US banking supvervisors should beef up their oversight of large banks beyond stress tests with deep-dive audits and greater use of outside examiners, a top regulator said Friday.
Under a "full-scope" exam, a team of regulators would converge on the largest US banks to pull ledgers, check whether loan payments are on time and "systematically review a cross-section of bank portfolios," said Thomas Hoenig, vice chair of the Federal Deposit Insurance Corp.
Such exams, intended to uncover problems like the profusion of bad mortgages at the heart of the 2008 financial crisis, are routine at smaller banks, but not at the biggest ones, he said.
Hoenig, speaking at a conference at the Federal Reserve Bank of New York, said the Fed's use of stress tests, which analyze banks' ability to withstand a theoretical severe economic crisis, was helpful but not sufficient to protect the system.
"Supervisors of these firms have become overly reliant on bank models, model validation reviews, stress tests, and updates from bank management as a substitute for records review and hard questioning to draw conclusions regarding a firm's condition," he said.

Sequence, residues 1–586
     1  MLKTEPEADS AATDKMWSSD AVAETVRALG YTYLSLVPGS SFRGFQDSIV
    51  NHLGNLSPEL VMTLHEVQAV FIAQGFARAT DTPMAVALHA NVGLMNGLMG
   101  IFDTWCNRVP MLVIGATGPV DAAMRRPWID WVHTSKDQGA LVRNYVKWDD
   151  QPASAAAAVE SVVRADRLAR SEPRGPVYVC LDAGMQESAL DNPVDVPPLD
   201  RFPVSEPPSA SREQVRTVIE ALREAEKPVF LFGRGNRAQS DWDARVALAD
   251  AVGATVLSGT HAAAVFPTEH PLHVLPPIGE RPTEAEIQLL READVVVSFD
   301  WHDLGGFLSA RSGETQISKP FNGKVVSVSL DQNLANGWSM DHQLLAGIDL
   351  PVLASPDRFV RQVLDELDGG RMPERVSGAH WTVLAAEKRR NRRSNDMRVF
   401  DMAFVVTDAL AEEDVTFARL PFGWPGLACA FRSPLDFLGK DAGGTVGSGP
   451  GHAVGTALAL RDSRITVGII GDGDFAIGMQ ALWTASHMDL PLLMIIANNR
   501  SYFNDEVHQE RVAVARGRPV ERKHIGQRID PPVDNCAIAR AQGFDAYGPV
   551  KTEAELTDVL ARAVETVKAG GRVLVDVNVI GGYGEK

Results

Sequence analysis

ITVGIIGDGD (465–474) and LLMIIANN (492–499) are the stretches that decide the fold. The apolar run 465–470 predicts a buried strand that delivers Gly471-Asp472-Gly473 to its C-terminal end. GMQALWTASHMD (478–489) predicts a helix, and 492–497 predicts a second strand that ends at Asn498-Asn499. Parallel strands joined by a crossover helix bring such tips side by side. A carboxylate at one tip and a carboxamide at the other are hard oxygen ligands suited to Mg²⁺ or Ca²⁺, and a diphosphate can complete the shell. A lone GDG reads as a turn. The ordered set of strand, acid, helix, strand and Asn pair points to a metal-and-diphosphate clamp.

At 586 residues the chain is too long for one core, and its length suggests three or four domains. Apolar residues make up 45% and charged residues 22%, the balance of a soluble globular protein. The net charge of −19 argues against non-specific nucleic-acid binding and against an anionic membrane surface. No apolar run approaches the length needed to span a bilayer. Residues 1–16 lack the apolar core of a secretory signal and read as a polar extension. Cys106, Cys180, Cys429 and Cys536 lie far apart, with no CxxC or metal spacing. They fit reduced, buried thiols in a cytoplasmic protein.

"Full-scope examinations delve into the quality of portfolios and their implications for long-term resilience. A full-scope exam is a point-in-time analysis of a bank's full balance-sheet quality and management competence."
Hoenig, who has previously supported breaking up the largest US banks, also took a swipe at the Fed's reliance on regulators who are stationed at large banks.
The practice causes regulators to "develop a more insular perspective" that can make it hard to question a bank's assumptions or identify potential disasters.
Hoenig said there is still a place for on-site examiners, but that they should be "subsumed" within a larger regulatory apparatus that includes a team of commissioned examiners who rotate from bank to bank.